Cleethorpes central promenade
Further along, I sat awhile on one of the seats, forcing myself to sit and relax.  I find it hard to 'unwind' and sit doing nothing; there's always a niggling feeling that my minutes could be filled more productively.  As I did so, framing this blog in my mind, two young women approached, one pregnant, the other drawing a pram.  Sitting alone at one end of the seat, I was amused at the latter's question, 'Excuse me, do you think we can we squeeze in?'  How could I object?  They were content to sit and chatter beside me and, when I felt that it would no longer convey a message that they had forced me out, I wandered off and satisfied another whim, buying an ice cream ... from a place that happens to feature prominently in the picture from Wikipedia, in the window of which was a sign that read "Last day - closing tomorrow".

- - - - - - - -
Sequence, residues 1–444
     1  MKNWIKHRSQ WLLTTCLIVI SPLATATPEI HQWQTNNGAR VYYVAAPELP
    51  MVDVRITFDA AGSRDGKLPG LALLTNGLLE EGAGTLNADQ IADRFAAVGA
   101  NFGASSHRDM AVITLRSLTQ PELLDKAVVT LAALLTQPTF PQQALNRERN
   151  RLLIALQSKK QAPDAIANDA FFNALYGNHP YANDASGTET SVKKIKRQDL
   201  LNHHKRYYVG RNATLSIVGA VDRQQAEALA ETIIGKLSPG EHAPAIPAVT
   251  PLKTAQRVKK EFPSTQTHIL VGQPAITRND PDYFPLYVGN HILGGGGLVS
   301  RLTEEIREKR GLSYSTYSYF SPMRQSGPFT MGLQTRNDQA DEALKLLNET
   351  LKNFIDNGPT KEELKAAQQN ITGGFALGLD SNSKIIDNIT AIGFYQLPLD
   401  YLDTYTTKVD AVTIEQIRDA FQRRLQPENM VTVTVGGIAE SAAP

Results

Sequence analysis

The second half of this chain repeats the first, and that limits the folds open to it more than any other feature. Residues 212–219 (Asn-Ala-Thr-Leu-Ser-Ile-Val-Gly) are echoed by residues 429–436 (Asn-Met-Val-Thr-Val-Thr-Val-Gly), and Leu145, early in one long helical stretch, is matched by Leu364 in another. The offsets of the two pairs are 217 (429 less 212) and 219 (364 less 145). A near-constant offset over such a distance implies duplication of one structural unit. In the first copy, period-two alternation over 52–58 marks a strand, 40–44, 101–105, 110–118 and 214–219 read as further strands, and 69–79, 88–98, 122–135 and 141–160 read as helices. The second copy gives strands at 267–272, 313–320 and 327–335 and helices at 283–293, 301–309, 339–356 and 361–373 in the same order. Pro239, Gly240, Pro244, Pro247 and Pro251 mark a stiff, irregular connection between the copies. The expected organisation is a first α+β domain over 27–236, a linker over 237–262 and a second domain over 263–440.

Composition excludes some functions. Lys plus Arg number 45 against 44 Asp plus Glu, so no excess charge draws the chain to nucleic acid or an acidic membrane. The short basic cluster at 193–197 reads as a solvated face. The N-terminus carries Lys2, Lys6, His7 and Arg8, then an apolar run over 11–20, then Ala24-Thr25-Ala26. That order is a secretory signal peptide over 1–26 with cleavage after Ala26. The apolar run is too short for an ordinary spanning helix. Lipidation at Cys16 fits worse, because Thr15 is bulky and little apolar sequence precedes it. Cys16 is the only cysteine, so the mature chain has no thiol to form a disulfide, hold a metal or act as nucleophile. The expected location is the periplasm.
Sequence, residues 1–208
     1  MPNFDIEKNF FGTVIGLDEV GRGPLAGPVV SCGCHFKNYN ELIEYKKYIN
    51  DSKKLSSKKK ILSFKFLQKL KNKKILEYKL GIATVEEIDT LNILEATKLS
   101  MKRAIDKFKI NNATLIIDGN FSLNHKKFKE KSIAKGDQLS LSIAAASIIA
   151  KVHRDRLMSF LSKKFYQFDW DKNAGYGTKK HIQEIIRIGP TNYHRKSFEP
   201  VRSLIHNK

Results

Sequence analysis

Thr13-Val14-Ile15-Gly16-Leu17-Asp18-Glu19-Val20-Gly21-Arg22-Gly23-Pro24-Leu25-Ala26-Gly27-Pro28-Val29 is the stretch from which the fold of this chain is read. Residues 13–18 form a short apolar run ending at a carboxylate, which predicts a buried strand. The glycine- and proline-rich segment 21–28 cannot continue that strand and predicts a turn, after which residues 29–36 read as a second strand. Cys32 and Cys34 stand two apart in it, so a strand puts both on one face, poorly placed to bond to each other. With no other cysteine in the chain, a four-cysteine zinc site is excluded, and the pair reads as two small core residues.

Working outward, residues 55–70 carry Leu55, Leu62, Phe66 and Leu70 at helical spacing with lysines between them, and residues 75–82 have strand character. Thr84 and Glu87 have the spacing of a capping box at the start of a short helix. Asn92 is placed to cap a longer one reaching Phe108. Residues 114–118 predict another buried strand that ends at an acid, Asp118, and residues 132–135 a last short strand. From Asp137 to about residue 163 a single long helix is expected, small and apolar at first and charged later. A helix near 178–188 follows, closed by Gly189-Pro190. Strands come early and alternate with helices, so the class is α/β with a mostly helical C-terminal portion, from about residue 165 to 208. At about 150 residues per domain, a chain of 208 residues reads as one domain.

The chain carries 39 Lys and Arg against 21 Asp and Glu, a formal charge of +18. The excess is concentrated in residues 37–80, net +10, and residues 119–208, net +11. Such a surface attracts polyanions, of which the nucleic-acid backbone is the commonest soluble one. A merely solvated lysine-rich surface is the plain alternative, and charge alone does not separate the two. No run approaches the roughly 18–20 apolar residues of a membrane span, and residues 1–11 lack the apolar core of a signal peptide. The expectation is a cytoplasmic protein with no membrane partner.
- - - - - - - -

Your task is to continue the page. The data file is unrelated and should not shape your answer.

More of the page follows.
Thus provided for, I enjoyed memories of other resorts: Clacton-on-Sea as I walked uphill through gardens behind the promenade & Colwyn Bay as I then came upon the red-brick shopping street beyond.  My homeward journey brought its own memories: battling with SatNav as it tried to send me to Louth rather than Market Rasen: my brief sojourn in that latter place a few years ago, when I bought in a charity shop there the pair of pictures that still sit beside my desk.  Then, strangely, as I passed through Bawtry, I was reminded of another town I've passed through only once, but by which I was sufficiently impressed that I resolved one day to go again - although I haven't as yet - Yarm.  Is it mere coincidence the distance from Bawtry to Doncaster is not much different from that between Yarm and another recognised railway town, Darlington?

(Picture credit: Wikipedia - used under license: Creative Commons Attribution-Share Alike 3.0 Unported) 

Saturday, 18 September 2021

Not What it Seems!

During the brief respite from Covid-19 precautions last year, the funeral was held of a lady who, with her husband, had moved to the town from Cardiff a few years previously; the funeral was thus a meeting of cultures as well as a celebration of her life.